AC200P High overhead usage drops by 10% overnight with nothing on

So I charged my AC200P and left it plugged in and notice the charging adapter kept switching on and off even though I did not have AC or DC turned on.

I would turn the button off, but the unit does not charge if the power is off

So I decided to do a test and just charged to 100 and then let it sit overnight

It read 87% in the morning, that seems really high to use that much power doing nothing

It this expected?



You will have about 23 watts of standby power consumption with the AC200 on along with the AC and DC ports switched on. You will have less with just the power button on but will still consume power. If you press the large “remaining battery percent” portion in the middle of the screen, it will show the amount of current draw at a given moment. If you take 58 (Battery voltage) X the amp draw showing in the display you will get an idea of the power being drawn in watts at that moment. Take the watts being drawn and times it by the hours of being on do get a good idea of what the percentage of loss will be over a given time.

for example…58 (battery volts) X .3 (amps being drawn) = 17.4 watts per hour…
17.4 watts per hour x 12 hours = 209 watt hours consumed. 209 watt hours consumed / 1700 watt hour capacity = 12% overhead loss or 88% capacity left after 12 hours. This is just an example of calculation…not what actual expectations are.


First, thanks for the clear reply.

Looking at this

I see with the unit on, nothing connected, DC and AC off I get 53.1V X .3 amps = 15.93 Watts per hour
The DC on adds .1 amps and the AC on adds .7amp.

The DC on and the AC on seem perfectly normal to draw that power, no questioning that. The ability to run and regulate these seems normal.

It just seems that the 16 Watts per hour of overhead to run the screen and BMS seems high. You could run and charge a ipad with that much power. I have a Jackery 1000 that once charged uses almost nothing when the AC and DC are off and stays at 100% for days without the screen on, but can be turned on in a moment.

I am just wondering if its the screen staying on with the light that’s push that draw up? Is there some sort of sleep mode that I dont know how to put it in when turned on?

Thanks for you insight and help.



There is no sleep mode that I am aware of that turns the screen off. I don’t think the screen is using that much power, but the overall circuitry. I was thinking I saw 27 total watts with the AC and DC on but under no load but I could be mistaken. There is a post in the facebook group that shows screen shots of each screen load. If you search for standby watts you may find it. If I have time tonight, I will get mine out and do the same screens for comparison with yours.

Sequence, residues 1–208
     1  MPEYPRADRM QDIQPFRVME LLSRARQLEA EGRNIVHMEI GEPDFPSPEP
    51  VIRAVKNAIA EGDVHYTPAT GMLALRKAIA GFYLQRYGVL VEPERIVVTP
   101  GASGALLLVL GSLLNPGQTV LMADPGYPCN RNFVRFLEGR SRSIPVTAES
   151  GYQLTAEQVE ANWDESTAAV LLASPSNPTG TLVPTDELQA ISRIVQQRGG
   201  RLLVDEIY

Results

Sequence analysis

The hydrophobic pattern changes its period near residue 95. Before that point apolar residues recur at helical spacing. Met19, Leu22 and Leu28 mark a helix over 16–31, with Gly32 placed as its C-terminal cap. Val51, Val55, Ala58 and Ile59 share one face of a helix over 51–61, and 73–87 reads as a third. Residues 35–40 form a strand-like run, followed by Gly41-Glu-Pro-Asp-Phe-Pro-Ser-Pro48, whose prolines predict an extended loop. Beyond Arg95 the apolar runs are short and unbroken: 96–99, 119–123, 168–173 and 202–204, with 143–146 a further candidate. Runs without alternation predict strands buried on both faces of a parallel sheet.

Ben, here is what my fully charged AC200 reads with regards to standby battery drain:
(I am concerned that your voltage was reading so low. Was it almost empty when you took those readings?)

AC200 on…AC and DC off…57.8 Volts… (.1 amps) = 6 standby watts consumed.
AC200 on…DC On and AC off…57.8 Volts… (.2 amps) = 12 standby watts consumed.
AC200 on…DC off and AC on…57.8 Volts… (.3 amps) = 17 standby watts consumed.
AC200 on…DC on and AC on…57.8 Volts… (.4 amps) = 23 standby watts consumed.

It appears the unit consumes 6 watts just being on.
DC output on = 6 watts additional
AC Inverter on = 11 watts additional
Everything on with no load = 23 watts.

Standby Battery drain with no load.
AC-200 would go from full to 0 in approx. 250 hours just with the screen on.
AC-200 would go from full to 0 in approx. 125 hours with being on and the DC activated
AC-200 would go from full to 0 in approx. 88 hours with being on and the AC activated
AC-200 would go from full to 0 in approx. 65 hours left on with the AC and DC left on

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It a AC200P, and was actually almost at full charge when i checked these readings.
So your saying I should se .1 when just on and not doing anything, I am seeing .3

6 watts makes a lot more sense then the 16 i am seeing. Its there some sort of calibration or test I should do?

this a is a photo at 95% charge with AC and DC turned off
Google Photos

Just DC on
Google Photos

Just AC on
Google Photos

Thanks of the insight, as I said the draw seems high to me